'The View' co-hosts admit unanimous SCOTUS Colorado ruling was a 'good decision,' but criticize 'partisan' court

“The View” co-hosts admitted Monday that the Supreme Court made the right decision by voting unanimously against removing former President Trump from the Colorado ballot.

Co-host Sunny Hostin said it was the “right decision” but then criticized the judges for acting in a “partisan” way. She pointed to the concurring opinion written by Justices Sonia Sotomayor, Elena Kagan and Ketanji Brown Jackson, who said the court went too far. Judge Amy Coney Barrett, who was appointed by Trump, also wrote her own concurring opinion that appears to agree that the court ruled on more than necessary.

“They say the Supreme Court went too far here because they answered a question that wasn't before them. The only question before this court was: Can a state do this? Instead of This, they insulated all suspected insurrectionists from future challenges to their performance of federal duties,” Hostin said. “I have far too much hope that the court will be united on this and not overrule in favor of Donald Trump, and I think what we have seen is a court where the justices have behaved partisan way and that disappointed me.”

Co-host Sara Haines said she found it reassuring that Barrett somewhat agrees with Kagan, Jackson and Sotomayor because they frequently talk about partisanship on the court.

Sunny accommodation

Sunny Hostin says SCOTUS made the “right decision” in Trump's Colorado case, but nonetheless argued the court acted in a partisan manner. (Screenshot/ABC/TheView)


“It didn't surprise me. I started to trust what Sunny was telling us, like it was going to get him,” Haines said. “But seeing it, I now understand the chaos that would ensue and I think it's important when you don't like the outcome, which I'm not saying I don't like it, but you watch states with which you would disagree, and what they might do in turn.”

Co-host Ana Navarro said she agreed with the SCOTUS ruling, but wanted to clarify that the court did not rule on whether Trump was an “insurrectionist.”

“I agree with that. I think it has to be up to the voters. I think it opened up a can of worms, and one of the things John Roberts said earlier was, you know, how do we know “That the election won't happen next. Won't that ultimately be decided by just a few states?'” she said, before arguing that Justice Clarence Thomas should recuse himself from cases involving Trump.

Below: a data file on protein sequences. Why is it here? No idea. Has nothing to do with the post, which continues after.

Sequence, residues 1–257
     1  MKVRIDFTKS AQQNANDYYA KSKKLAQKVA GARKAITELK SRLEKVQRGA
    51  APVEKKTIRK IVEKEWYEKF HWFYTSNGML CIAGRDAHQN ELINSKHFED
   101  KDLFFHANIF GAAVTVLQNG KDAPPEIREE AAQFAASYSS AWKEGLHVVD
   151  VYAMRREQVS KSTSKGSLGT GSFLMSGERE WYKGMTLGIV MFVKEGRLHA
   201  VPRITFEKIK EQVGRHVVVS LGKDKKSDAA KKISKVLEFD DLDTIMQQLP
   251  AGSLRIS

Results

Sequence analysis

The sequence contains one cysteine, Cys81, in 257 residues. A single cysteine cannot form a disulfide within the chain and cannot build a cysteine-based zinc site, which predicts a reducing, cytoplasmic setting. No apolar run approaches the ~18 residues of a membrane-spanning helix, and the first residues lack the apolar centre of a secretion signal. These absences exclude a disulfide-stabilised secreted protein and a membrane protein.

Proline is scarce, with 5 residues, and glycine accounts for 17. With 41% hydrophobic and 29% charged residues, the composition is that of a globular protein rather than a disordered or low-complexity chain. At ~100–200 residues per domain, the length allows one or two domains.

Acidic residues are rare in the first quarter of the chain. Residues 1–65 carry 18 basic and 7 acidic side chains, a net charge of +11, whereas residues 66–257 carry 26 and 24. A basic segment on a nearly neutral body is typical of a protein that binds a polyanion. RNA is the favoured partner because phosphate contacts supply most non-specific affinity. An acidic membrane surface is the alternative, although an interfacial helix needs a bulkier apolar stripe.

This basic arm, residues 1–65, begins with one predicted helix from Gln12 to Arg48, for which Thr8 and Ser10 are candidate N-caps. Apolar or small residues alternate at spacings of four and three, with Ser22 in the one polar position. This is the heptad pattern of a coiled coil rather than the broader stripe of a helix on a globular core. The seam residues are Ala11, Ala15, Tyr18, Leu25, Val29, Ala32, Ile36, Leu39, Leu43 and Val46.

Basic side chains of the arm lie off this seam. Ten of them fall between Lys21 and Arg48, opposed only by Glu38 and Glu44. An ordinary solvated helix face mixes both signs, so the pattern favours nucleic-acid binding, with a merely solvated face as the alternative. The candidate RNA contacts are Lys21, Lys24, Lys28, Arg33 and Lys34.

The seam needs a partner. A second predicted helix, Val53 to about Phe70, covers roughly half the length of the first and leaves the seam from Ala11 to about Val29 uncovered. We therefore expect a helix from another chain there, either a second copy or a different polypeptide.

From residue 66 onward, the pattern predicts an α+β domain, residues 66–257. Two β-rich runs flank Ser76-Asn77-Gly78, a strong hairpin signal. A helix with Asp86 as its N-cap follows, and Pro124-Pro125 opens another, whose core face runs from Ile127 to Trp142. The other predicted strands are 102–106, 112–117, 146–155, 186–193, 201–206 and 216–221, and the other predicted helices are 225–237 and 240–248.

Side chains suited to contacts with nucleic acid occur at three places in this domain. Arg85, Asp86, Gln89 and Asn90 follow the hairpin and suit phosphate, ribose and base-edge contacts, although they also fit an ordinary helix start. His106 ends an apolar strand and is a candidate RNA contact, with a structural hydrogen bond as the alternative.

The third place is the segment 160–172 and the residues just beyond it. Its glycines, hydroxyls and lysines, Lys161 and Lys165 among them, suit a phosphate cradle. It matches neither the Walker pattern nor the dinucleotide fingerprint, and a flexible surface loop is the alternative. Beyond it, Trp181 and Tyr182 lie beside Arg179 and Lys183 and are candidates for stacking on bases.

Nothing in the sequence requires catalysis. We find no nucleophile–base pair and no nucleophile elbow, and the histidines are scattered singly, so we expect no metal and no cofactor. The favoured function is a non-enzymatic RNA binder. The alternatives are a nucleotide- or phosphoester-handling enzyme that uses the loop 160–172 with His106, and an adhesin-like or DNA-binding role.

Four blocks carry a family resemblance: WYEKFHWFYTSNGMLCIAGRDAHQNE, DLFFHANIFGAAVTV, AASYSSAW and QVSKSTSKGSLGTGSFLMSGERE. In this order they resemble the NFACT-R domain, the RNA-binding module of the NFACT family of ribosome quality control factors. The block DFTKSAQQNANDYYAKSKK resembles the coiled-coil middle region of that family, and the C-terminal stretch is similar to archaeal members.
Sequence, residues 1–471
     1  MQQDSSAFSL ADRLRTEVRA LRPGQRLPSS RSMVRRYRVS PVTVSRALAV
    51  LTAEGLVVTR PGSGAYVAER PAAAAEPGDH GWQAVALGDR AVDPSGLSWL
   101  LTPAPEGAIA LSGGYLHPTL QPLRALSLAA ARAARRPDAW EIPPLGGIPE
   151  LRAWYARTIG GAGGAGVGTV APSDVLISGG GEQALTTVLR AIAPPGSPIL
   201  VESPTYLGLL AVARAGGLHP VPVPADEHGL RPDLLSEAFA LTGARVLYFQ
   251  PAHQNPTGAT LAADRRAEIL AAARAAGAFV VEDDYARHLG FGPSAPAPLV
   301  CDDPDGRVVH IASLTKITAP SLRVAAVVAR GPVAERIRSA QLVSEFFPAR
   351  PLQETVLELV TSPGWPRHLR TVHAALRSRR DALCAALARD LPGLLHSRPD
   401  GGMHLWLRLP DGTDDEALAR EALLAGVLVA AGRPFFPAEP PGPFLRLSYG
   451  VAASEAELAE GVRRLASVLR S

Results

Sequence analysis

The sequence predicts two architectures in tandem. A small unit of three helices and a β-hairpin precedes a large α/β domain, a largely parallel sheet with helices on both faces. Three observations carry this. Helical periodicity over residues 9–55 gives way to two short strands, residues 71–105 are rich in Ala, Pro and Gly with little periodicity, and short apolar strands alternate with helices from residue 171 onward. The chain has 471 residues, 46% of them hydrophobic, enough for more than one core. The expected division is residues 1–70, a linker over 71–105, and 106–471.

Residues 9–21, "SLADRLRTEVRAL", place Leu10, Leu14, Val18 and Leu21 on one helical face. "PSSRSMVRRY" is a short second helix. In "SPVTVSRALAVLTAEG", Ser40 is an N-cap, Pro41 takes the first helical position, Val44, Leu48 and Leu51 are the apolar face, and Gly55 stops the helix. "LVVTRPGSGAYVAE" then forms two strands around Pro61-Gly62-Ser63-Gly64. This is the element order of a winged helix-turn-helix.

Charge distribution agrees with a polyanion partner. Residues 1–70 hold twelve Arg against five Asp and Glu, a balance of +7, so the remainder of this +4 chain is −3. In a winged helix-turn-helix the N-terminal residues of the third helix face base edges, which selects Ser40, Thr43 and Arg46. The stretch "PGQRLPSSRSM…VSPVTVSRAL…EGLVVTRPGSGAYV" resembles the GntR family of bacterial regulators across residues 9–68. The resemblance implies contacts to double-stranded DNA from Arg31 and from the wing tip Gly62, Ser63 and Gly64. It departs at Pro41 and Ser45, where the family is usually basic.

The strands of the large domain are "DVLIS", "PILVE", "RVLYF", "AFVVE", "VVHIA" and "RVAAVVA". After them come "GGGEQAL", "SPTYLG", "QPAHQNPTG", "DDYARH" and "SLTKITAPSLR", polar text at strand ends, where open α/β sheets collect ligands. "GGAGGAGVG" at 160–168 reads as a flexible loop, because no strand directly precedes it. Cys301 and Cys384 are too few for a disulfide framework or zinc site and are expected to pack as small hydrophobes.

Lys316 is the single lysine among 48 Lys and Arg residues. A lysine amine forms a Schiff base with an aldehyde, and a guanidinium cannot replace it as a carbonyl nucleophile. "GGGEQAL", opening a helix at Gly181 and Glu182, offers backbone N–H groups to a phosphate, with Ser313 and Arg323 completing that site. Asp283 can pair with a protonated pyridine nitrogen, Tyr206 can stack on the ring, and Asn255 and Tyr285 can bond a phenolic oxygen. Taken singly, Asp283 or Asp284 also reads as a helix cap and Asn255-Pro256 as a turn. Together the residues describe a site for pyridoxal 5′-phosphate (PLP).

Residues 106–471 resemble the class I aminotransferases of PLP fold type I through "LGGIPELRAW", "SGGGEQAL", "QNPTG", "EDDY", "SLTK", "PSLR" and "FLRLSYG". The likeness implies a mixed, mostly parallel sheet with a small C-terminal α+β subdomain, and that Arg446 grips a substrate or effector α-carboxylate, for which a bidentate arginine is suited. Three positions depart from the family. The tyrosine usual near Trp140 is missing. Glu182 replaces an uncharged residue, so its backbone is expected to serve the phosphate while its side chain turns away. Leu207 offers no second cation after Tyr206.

Co-host Whoopi Goldberg reacted to the decision in the second segment and said that while it was “probably the right decision,” she hated the fact that Trump had been “normalized.”

Whoopi Goldberg

Whoopi Goldberg weighs in on SCOTUS ruling on Trump in Colorado and says she's irritated that we've 'normalized' it.


“What bothers me about this, and I know it's probably the right decision, but I don't like that we have normalized this man,” she said. “It really angered me that we normalized his bad behavior. I understand that the law says, look, this would be really harsh and it should be Congress that makes these decisions, and yet that's not how we We acted.”

Co-host Alyssa Farah Griffin, a former Trump aide who has become one of his staunchest Republican critics, said the decision was the right one, but not “welcome.”

All nine justices ruled in favor of Trump in the case, which will affect the status of efforts in several other states to remove the likely GOP nominee from their respective ballots.

Former President Donald Trump

Former President Donald Trump speaks at the New York Young Republican Club gala at Cipriani Wall Street on December 9, 2023, in New York. (Michael M. Santiago/Getty Images)


The court examined for the first time the meaning and scope of Section 3 of the 14th Amendment, which prohibits former officials who “engaged in insurrection” from holding public office again. Challenges have been filed to remove Trump from the 2024 ballot in more than 30 states.

“We conclude that states may disqualify persons holding or attempting to hold public office. But states have no authority under the Constitution to enforce Article 3 with respect to federal offices, particularly the presidency,” the Court wrote.

Anders Hagstrom and Brianna Herlihy of Fox News contributed to this report.


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